Bill Pugliano
The overhauled 2005 Ford Mustang convertible relies too heavily on a retro look but counteracts the old Mustang with sharp, racy styling and an interior that has really grown up, writes Forbes' Dan Lienert.
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updated 6/30/2005 6:31:43 PM ET 2005-06-30T22:31:43

All year long, as we write about fuel-efficient cars, family cars and practical cars such as sport utility vehicles, we look forward to writing our annual feature on the coolest convertibles. This is because discussions about convertibles are not about pragmatism; they are about fun.

And, this year, as we head into summer, it's more important than ever that cars should be fun, because the automotive news this year — frightening gas prices and the potential collapse of the American auto industry — have not been much fun.

Although the U.S. Department of Commerce says energy prices were up 4.5 percent in April, led by a 6.4 percent jump in gas prices, oil and gasoline prices have been falling in recent weeks. And here's a bit of timely good news for fans of driving — and especially of convertibles: According to the University of Maryland's Robert H. Smith School of Business, prospects for gasoline supplies during the summer driving season are very encouraging, and gas prices should remain at their current levels or be lower through the summer driving season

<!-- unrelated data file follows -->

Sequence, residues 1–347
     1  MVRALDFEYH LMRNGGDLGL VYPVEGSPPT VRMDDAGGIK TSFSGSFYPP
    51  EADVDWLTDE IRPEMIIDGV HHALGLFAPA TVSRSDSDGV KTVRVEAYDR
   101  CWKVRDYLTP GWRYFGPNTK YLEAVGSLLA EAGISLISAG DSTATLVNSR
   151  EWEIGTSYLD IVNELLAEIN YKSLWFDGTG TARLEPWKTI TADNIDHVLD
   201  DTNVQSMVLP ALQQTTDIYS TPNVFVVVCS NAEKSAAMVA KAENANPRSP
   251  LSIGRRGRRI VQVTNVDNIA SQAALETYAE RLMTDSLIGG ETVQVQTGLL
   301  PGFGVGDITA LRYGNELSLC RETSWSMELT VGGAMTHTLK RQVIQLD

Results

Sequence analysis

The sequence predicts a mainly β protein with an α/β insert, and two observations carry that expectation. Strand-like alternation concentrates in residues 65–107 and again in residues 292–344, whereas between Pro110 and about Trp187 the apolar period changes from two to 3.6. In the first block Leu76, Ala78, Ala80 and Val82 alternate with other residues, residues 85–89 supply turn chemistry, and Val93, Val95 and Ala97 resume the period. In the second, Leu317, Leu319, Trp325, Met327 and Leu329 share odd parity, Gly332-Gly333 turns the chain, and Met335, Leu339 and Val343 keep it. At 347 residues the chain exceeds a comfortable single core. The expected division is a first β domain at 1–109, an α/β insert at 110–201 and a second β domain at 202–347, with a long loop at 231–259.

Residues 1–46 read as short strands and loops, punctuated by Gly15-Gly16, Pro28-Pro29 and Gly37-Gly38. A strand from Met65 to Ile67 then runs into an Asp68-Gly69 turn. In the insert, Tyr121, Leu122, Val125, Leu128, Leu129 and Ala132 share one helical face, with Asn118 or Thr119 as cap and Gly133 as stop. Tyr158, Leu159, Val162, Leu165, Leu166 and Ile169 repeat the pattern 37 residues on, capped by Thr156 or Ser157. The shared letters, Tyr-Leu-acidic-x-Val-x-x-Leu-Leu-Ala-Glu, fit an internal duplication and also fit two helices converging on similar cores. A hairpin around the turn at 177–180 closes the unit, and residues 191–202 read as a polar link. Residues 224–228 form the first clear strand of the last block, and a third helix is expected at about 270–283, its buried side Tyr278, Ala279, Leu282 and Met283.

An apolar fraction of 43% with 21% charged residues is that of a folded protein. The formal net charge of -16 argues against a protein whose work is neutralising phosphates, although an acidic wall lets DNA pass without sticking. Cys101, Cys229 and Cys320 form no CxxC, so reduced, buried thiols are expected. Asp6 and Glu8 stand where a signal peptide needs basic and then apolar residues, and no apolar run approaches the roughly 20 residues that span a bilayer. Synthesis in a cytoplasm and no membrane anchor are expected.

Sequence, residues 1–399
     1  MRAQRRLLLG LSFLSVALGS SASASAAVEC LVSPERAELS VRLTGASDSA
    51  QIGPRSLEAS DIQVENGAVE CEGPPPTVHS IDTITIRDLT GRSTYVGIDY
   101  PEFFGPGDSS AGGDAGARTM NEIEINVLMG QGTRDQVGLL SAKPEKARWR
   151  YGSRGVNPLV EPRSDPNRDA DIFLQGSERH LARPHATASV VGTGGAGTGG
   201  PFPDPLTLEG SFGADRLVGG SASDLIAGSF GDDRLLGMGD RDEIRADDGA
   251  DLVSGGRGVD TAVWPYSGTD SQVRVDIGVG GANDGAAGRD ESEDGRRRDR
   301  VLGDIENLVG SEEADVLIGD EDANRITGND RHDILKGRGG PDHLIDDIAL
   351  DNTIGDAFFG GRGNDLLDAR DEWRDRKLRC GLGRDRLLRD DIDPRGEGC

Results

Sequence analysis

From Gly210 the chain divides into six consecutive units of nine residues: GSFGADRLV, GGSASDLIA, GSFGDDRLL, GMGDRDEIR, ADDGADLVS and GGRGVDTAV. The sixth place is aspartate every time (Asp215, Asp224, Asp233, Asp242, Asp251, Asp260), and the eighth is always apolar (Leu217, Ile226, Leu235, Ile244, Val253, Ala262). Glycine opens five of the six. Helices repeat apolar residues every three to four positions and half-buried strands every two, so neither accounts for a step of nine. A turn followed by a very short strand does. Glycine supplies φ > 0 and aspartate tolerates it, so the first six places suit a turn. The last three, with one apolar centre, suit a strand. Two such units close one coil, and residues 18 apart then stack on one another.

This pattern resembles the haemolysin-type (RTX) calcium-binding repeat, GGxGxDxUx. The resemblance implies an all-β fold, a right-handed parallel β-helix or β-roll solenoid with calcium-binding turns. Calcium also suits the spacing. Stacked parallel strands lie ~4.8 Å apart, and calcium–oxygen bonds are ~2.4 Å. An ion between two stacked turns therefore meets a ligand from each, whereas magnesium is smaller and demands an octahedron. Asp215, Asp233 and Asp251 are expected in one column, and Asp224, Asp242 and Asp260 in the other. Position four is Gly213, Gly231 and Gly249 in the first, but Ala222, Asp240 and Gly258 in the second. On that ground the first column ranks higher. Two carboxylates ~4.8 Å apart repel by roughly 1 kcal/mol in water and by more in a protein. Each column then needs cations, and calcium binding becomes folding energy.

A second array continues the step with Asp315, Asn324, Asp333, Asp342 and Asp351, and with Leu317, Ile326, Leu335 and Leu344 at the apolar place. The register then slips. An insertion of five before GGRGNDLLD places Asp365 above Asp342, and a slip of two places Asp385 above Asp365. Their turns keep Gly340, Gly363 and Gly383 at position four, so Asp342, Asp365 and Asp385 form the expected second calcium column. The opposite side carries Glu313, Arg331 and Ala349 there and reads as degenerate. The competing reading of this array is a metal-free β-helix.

The slide show showcases our picks for the ten coolest convertibles of 2005, but in a more general sense it is a guide to maximizing fun in a car. After all, no vehicle is more exhilarating than a sports car. You may, for example, love pickups — but no vehicle type is designed and engineered to maximize performance, and thus entertainment and excitement, the way a sports car is.

"The Road & Track Illustrated Automotive Dictionary" defines sports cars as "two-seat and two-plus-two (i.e., a car with a tiny backseat) open designs with low, sleek bodies as well as their closed coupe equivalents, which should more precisely be called Grand Touring, Gran Turismo or simply GT cars."

This is a strict, traditional definition, but if we abide by it — if we call sporty coupes "GT cars" and reserve the term "sports cars" for drop-tops — then we have this premise: Not all convertibles are sports cars, but all sports cars are convertibles. In other words, if fun is your top priority in buying a new car, your best bet is to buy a convertible.

But which one to buy? In the slide show, we have broken down our list of selections based on price, in order to provide recommendations for many different levels of purchasing power.

We did not consider writing about cars that are being discontinued or are headed for replacement. We made our selections with a mind toward such objective factors as reliability, recall histories, depreciation, safety and owner satisfaction. Some objective data are not available for new cars, such as Ford Motor's Mustang, but in all cases we considered performance characteristics such as acceleration and horsepower.

One technical note: One of our price brackets in the slide show covers a large field — the $50,000-to-$80,000 ballpark. The winner in this category is General Motors' Chevrolet Corvette. We made that particular price bracket so wide because of a dearth of competitive vehicles.

© 2012 Forbes.com

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